Committee approval sets stage for US House vote on support for Tibetan autonomy resolution

October 4, 2020 11:56 pm0 commentsViews: 186

US Congress.

(TibetanReview.net, Oct04’20) – The US House of Representatives is to vote on a resolution expressing support for autonomy for the Tibetan people and offering them support on a number of issues after it was approved by the House Foreign Affairs Committee on Oct 1.

The bipartisan House Resolution 697, “A resolution affirming the significance of the advocacy for genuine autonomy for Tibetans in the People’s Republic of China and the work His Holiness the 14th Dalai Lama has done to promote global peace, harmony, and understanding,” was introduced last year by Reps. Ted Yoho, R-Fla., Michael McCaul, R-Texas, Chris Smith, R-NJ, and Jim McGovern, D-Mass.

The resolution affirms the cultural and religious significance of the goal of genuine autonomy for the people of Tibet, as well as the deep bond between the American and Tibetan people.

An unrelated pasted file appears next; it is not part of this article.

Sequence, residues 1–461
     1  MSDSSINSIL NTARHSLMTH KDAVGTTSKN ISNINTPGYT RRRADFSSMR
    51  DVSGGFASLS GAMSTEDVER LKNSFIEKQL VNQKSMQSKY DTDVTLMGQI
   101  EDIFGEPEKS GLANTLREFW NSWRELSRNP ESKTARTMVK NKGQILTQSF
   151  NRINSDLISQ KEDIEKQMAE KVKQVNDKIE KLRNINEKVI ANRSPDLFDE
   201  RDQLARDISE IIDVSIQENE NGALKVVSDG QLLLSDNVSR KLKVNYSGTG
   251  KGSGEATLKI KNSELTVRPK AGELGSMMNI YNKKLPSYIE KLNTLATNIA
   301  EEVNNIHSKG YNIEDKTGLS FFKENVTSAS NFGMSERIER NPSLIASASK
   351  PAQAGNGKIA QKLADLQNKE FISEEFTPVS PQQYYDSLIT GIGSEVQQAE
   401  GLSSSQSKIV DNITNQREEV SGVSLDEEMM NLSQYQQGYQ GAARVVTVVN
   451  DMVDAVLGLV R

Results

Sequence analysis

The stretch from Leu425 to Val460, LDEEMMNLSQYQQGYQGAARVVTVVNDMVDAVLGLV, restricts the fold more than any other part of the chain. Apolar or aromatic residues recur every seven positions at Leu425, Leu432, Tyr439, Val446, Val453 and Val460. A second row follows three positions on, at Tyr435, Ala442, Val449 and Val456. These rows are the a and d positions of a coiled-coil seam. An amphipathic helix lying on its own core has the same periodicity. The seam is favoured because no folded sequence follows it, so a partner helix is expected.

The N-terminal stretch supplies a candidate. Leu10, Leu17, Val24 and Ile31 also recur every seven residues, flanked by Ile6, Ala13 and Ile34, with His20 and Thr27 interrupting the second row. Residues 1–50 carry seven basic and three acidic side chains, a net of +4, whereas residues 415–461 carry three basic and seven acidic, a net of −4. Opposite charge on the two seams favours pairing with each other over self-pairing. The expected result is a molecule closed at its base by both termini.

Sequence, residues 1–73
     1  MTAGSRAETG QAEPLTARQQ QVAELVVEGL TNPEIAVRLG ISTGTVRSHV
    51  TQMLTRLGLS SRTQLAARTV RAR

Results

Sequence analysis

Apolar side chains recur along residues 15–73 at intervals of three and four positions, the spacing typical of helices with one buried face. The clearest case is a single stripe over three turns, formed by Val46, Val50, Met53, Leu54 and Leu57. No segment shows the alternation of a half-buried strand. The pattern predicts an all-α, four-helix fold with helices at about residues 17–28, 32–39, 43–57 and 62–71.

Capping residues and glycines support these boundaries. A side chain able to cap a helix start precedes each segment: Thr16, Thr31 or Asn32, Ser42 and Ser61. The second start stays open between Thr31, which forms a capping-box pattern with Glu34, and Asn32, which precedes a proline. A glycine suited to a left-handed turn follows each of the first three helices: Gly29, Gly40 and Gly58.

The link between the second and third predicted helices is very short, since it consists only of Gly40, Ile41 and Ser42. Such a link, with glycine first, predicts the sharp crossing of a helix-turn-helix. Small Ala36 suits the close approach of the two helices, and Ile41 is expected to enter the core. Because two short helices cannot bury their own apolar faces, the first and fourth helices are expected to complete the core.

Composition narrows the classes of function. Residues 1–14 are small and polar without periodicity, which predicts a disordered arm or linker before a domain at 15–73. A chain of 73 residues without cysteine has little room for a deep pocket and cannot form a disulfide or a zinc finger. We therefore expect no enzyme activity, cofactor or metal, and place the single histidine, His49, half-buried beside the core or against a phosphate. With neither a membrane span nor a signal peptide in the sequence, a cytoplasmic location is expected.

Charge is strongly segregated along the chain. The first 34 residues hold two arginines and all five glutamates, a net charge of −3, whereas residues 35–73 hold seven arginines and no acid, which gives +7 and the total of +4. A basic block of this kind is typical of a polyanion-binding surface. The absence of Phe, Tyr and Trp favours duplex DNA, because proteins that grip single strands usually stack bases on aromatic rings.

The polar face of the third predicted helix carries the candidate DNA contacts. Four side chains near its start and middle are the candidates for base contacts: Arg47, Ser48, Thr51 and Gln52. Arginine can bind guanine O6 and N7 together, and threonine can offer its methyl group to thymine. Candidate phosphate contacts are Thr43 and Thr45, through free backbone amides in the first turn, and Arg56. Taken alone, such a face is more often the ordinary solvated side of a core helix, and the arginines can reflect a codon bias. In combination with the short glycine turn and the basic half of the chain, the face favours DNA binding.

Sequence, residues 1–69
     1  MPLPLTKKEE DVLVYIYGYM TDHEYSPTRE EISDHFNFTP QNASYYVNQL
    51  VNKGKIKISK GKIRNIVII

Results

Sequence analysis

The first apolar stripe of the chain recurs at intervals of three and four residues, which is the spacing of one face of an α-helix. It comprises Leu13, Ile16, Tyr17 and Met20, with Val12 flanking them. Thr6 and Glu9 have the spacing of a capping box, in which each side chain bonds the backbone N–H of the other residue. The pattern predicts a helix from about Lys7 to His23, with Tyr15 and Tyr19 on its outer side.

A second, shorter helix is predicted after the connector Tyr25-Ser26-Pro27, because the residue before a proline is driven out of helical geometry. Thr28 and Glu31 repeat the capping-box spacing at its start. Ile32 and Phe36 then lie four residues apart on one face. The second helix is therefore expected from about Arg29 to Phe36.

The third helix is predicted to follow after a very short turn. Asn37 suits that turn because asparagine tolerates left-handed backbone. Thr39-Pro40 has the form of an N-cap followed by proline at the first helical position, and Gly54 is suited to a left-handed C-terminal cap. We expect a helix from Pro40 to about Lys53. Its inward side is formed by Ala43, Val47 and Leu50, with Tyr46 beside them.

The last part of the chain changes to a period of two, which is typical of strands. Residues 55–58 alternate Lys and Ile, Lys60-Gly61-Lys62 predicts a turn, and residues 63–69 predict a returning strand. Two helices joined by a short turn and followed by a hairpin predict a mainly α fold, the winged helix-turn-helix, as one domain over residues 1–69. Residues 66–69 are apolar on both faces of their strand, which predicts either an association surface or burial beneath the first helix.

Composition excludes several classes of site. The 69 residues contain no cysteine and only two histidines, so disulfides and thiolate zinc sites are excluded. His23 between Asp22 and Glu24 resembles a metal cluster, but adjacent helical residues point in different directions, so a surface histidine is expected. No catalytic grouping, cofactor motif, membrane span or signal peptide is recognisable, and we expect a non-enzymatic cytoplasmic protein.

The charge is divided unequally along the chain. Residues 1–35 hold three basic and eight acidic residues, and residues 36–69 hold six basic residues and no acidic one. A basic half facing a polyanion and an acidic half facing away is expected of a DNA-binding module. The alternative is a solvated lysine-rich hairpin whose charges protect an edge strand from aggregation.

It supports the efforts by the Dalai Lama and Tibetan leadership to achieve genuine autonomy through negotiations with the People’s Republic of China without preconditions.

It praises the Dalai Lama’s commitment to global peace, nonviolence, human rights and environmental protection and sustainability.

And it urges swift enactment of the Tibetan Policy and Support Act, which the House overwhelmingly passed in Jan 2020 and currently awaits passage by the Senate. 

The resolution also stresses the urgency of addressing the climate crisis—including on the Tibetan plateau—and working toward environmental and economic justice and equality.

The resolution also encourages American journalists, diplomats, officials and ordinary citizens to seek the same level of access to Tibet that Chinese citizens have to the United States. In this connection, the State Department implemented this summer the Reciprocal Access to Tibet Act, which for the first time denied entry to the United States to Chinese officials responsible for keeping Americans out of Tibet.

And it calls on the secretary of state to minimize the impact that the closure of the US consulate in Chengdu might have on the State Department’s ability to report on Tibetan communities and offer them support.

The resolution also asserts that it would be beneficial to continue years of bipartisan, bicameral engagement with Tibetan leaders, including engagement between members of Congress and the Dalai Lama.

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